First quarter economic review

(SGI) - The GDP growth in the first quarter of 2022 is estimated to increase by 5.03% year-on-year, higher than that of 2020 and 2021, marking a return to a 5% growth or more after many difficult years. 
Illustrative photo.
Illustrative photo.

Inflation also remains under control with the Consumer Price Index (CPI) increasing by 1.92% over the same period last year, and in the month of March by 0.7%.

Optimistic signs

Some optimistic figures from the growth of the manufacturing and service sectors also shows bright signs, although sectors such as tourism still face many difficulties. For instance, total retail sales of consumer goods and services increased by 4.4% year-on-year, although the passenger transport sector decreased by 23.6%. International visitors to Vietnam in March 2022 increased by 41.4% over the previous month and 2.2 times higher than in the same period last year.

These numbers show optimistic signs for the economy, although they do not paint a very rosy picture. With a growth target of over 6% for the whole year, the figure of 5% in the first quarter is still modest. Inflation of 1.92% is not high but not low either, and there are many potential risks, especially risks caused by rising gasoline prices and many other costs that have increased sharply on a global scale because the war in Ukraine is not completely over yet, and continues to affect prices of several commodities. In a way, the statistics of the first quarter of 2022 largely reflect past developments of the economy but have not yet reflected much on the impact of inflation due to rising prices of basic materials and consumer goods.

One of the areas that will be the most affected is the input costs of several businesses. According to a report by IHS Markit on the Purchasing Manager Index (PMI), input costs rose at the fastest rate in nearly eleven years and business confidence has fallen low. Vietnam's manufacturing growth momentum also shows signs of slowing down, as the PMI dropped from 54.3 points in February to 51.7 points in March. One level above 50 points means that production is still expanding, but the rate of expansion has slowed down considerably, which in other words means that the momentum has also plateaued off.

This is consistent with the situation in developed economies with strong growth in 2021 such as the U.K. or the US. When inflation rose sharply again, the growth of the economy began to lose momentum and started to decline when people's residual income dwindled again, especially after economic support packages were gradually collected and interest rates in the economy were no longer super cheap. The prospect of rising interest rates is in the immediate future, and while people's real incomes decrease, businesses will also be more pessimistic and cautious in all their dealings.

Challenges for economy

Compared to some countries, Vietnam is more than a few months behind in raising interest rates and inflation, and these pressures can be seen appearing gradually. The failure of the government bond auction on 30 March is a sign of this. It can be predicted that government bonds are under pressure to raise interest rates to improve the mobilization progress for the budget balance because the current issuance of bonds is only about 8% of the plan in 2022.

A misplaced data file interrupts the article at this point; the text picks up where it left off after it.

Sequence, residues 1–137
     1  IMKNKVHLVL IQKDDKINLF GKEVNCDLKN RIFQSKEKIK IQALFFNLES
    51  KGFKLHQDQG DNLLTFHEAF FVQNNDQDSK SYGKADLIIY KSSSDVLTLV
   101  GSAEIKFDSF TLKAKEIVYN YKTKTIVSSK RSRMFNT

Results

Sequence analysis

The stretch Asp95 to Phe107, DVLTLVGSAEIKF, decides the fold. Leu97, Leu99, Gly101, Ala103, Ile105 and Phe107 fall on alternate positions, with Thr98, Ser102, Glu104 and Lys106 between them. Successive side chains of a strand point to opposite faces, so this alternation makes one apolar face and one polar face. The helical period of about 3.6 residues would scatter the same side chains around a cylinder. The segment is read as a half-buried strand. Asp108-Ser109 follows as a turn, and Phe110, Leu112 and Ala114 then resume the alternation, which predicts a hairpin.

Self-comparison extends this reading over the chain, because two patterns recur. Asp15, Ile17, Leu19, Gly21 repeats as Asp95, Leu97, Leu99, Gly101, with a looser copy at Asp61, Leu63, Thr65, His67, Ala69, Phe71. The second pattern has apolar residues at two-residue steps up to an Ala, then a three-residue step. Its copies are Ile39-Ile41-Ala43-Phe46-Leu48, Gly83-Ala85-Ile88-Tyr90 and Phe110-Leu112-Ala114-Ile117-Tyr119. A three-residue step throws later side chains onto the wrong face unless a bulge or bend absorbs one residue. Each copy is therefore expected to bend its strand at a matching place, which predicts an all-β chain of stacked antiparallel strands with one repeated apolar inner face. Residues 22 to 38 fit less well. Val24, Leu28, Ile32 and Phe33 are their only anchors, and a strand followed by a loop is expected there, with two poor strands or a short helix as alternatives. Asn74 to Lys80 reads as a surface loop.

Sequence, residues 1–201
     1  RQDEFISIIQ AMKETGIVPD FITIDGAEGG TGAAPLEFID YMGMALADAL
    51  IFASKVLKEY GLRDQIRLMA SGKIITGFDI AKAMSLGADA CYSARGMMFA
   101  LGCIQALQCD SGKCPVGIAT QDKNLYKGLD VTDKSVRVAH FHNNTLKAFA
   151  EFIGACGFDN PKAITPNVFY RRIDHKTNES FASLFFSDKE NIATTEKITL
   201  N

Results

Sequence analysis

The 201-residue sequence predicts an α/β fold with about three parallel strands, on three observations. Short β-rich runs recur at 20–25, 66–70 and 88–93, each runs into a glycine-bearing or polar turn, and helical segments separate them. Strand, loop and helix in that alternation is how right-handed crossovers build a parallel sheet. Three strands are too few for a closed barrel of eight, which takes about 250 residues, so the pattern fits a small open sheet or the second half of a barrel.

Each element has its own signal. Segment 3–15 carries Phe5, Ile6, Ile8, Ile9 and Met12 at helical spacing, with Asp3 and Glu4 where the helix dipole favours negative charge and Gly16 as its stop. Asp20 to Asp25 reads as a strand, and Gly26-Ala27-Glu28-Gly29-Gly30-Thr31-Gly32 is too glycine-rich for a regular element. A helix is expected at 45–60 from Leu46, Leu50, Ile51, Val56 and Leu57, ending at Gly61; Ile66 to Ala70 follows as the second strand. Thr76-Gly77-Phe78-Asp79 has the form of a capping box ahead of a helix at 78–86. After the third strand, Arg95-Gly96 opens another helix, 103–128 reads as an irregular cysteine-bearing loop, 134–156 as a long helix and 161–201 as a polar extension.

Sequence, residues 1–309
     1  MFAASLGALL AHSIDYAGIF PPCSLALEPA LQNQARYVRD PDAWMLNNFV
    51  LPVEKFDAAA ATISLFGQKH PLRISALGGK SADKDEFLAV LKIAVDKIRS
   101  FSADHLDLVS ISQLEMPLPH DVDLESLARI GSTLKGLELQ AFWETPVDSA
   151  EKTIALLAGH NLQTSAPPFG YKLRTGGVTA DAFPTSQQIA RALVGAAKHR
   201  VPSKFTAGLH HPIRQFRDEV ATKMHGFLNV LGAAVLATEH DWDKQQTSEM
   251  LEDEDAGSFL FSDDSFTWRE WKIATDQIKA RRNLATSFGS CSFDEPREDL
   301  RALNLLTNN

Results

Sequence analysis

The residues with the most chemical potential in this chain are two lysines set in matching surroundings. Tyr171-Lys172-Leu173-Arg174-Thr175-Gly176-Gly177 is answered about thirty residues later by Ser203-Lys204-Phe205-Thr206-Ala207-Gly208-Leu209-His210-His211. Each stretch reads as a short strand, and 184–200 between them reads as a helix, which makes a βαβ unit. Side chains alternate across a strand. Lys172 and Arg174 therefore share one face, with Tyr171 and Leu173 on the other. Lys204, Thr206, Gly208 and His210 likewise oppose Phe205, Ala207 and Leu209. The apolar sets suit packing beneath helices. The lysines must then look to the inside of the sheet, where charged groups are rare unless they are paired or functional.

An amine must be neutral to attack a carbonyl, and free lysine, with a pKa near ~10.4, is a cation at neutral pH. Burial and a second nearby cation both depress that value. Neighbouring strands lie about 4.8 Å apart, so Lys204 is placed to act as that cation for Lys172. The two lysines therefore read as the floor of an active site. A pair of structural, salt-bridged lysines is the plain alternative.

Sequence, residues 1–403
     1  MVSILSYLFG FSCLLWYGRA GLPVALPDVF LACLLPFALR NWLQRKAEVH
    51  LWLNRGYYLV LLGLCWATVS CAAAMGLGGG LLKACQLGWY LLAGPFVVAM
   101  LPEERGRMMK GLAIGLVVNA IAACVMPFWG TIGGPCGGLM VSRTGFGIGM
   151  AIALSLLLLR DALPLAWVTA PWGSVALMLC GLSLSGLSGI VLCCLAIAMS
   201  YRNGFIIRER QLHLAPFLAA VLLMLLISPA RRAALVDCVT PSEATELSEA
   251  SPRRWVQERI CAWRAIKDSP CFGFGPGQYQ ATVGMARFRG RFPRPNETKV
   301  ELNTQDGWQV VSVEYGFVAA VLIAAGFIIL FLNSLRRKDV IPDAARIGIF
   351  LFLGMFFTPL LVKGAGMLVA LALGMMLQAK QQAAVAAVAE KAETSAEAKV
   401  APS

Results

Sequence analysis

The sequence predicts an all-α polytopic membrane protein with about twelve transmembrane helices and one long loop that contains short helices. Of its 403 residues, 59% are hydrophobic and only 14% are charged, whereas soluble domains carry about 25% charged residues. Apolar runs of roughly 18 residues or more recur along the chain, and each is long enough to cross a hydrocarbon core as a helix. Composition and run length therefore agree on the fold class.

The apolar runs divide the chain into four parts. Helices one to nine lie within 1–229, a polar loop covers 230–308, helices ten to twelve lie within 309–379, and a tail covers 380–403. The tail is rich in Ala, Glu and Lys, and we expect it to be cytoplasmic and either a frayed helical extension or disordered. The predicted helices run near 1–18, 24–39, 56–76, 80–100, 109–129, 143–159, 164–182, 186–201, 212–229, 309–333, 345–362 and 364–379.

Pressure to raise interest rates and increase input costs of production is normal in the current global context. However, it will make the prospect of economic recovery extremely tough. The HSBC bank has just adjusted its forecast, lowering its growth forecast for Vietnam to 6.2% and raising inflation to 3.7%. Basically, this is not something so bad but is actually quite realistic. The target of controlling inflation at 4% this year is challenging, but even if it is surpassed, it will not be the general double-digit inflation as many fear. Even in the US, when the prices of some items increased by 50% to 60%, their inflation only approached 8%. So the aforementioned numbers are not too scary.

However, economic management must look at the quality of growth and people's lives, and not just understand general numbers. The 6% growth figure will not make much sense if the real income level of people is actually reduced. In the lowest income quintile, the likelihood that wages will grow below inflation is very true and likely to happen. The typical basket of goods can grow much more than the 4% average because of essential expenditures on food, and the growth could inherently be higher than on an average due to the spending habits of middle and upper-class people.

In other words, low and middle-income people will be hit harder by inflation and risk real incomes falling rather than rising because incomes grow more slowly than essential expenditures. This is happening in Europe and is becoming a social as well as an economic problem. Socially, it is clear that many people are being pushed into poverty. As for the economy, when the surplus income of a part of the people declines, sooner or later it will affect the aggregate demand in the economy.

The real challenge for Vietnam in 2022 and also for policy-making agencies is to have other evaluation criteria than growth and inflation figures. To ensure monitoring as well as timely support of policies for the people, the situation of growth must be avoided where only a few people get rich while the majority continue to struggle and face innumerable difficulties on a daily basis.

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